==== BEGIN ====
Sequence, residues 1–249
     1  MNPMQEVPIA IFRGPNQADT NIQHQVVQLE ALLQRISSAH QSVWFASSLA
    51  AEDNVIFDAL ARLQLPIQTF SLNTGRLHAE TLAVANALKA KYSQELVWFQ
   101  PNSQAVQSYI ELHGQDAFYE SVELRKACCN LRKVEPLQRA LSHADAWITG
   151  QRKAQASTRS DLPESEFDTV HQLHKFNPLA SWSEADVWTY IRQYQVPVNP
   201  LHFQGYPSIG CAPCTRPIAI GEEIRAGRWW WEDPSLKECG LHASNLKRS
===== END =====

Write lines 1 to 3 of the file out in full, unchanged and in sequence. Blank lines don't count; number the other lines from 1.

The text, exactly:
Sequence, residues 1–249
     1  MNPMQEVPIA IFRGPNQADT NIQHQVVQLE ALLQRISSAH QSVWFASSLA
    51  AEDNVIFDAL ARLQLPIQTF SLNTGRLHAE TLAVANALKA KYSQELVWFQ